trans pan


Fluids are the lifeblood of the vehicle. We need to contain those fluids yet still be able to monitor the fluid levels. Our older readers can remember the days before aftermarket flexible dipsticks or silicone caulk were available. The only option in those days was to use an OEM dipstick and dipstick tube. If you needed to shorten the tube, a hacksaw was the tool of choice. If you cut 4 inches off the tube, you then cut 4 inches off the dipstick and ground a couple of notches in the side of the dipstick to note “full” and “add.” Gaskets could be sealed with Permatex, but they had to be used as there was no such option of placing a bead of silicone caulk on the mating surface and assembling the parts.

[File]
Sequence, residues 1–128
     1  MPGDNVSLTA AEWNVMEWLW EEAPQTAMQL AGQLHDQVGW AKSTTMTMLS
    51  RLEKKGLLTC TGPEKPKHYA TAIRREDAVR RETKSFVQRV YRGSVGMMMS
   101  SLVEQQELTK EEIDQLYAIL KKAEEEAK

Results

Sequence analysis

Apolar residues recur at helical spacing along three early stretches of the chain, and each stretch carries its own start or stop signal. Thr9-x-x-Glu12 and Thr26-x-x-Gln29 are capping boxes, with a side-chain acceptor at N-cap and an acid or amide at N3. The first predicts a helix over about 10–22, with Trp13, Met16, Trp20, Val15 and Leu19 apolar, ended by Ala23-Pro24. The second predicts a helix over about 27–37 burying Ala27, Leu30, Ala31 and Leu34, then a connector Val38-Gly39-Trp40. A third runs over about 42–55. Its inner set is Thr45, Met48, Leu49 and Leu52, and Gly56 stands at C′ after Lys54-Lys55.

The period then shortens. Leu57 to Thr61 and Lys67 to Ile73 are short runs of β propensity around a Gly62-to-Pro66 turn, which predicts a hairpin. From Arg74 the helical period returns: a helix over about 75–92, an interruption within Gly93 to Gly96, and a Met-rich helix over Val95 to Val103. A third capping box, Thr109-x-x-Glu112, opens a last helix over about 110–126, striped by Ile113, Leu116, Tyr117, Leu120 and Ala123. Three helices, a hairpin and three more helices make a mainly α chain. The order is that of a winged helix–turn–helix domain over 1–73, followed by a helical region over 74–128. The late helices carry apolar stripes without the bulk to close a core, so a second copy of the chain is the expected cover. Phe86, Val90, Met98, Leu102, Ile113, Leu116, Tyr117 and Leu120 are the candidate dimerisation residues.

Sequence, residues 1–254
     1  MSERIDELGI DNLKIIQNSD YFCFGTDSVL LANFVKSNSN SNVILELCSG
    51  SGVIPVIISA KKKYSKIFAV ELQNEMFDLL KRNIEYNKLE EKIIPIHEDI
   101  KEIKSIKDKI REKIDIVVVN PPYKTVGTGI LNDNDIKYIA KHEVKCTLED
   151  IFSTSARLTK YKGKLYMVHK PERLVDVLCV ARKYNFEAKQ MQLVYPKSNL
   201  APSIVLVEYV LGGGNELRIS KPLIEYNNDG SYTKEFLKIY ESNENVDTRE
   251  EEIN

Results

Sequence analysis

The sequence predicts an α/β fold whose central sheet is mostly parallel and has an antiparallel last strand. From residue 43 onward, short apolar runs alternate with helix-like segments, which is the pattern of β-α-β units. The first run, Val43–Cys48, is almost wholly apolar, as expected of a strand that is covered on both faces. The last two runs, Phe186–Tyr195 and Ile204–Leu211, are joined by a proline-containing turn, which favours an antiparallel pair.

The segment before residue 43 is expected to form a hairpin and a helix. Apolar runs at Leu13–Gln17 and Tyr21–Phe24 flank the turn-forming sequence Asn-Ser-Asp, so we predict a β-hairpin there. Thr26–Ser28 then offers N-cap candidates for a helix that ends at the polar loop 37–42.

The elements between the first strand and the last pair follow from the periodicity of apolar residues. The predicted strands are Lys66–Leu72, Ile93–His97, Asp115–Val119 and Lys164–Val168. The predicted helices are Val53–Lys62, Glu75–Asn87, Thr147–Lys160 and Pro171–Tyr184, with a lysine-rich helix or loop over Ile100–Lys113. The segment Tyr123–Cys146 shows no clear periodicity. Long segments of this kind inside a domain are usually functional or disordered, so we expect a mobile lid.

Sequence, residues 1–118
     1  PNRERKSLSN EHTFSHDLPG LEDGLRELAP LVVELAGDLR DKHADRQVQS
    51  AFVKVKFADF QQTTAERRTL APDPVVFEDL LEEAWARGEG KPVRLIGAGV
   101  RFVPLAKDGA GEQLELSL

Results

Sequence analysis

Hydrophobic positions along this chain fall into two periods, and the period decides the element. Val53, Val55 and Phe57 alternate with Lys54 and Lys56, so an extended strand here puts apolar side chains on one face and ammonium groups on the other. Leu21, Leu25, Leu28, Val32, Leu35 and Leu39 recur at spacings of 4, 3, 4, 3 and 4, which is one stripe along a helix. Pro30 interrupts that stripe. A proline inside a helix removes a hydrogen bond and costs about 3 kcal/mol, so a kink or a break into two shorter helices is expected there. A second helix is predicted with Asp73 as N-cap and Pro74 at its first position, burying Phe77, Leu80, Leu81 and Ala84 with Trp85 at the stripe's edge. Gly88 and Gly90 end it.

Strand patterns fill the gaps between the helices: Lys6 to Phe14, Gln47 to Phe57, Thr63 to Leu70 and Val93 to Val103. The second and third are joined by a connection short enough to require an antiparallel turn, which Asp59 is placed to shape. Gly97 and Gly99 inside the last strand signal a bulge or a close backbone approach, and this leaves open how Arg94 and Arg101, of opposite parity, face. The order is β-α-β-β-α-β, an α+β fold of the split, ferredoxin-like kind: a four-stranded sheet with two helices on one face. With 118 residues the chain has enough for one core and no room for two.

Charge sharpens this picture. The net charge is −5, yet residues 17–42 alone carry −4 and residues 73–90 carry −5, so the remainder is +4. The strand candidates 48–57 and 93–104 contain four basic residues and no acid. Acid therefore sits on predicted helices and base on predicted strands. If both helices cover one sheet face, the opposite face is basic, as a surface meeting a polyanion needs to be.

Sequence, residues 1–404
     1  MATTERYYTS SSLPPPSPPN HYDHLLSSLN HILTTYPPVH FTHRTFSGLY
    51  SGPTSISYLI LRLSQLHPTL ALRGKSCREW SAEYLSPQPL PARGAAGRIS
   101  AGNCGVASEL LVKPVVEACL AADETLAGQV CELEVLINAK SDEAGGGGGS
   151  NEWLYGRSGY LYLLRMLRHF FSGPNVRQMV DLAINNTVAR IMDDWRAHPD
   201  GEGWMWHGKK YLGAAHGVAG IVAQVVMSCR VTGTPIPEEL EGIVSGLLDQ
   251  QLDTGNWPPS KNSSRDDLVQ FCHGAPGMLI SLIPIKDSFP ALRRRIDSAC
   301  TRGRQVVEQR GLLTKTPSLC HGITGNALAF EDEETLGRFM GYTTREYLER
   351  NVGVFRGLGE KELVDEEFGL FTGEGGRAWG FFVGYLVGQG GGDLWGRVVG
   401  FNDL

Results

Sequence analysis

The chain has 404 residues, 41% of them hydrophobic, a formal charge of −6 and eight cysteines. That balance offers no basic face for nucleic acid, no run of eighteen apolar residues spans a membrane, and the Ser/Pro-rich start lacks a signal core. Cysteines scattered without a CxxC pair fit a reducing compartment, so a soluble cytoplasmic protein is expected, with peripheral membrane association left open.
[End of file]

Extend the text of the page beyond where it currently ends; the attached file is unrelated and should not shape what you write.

Panning For Gold

The world is full of minor inconveniences, and changing transmission fluid is one of them. The job doesn’t need to be complicated, but on some cars it is. When we find the accountant who decided that our 4R70W transmission didn’t need a drain plug, we’re going to intentionally put him on duty at a quick-change oil and lube facility. What were they thinking?

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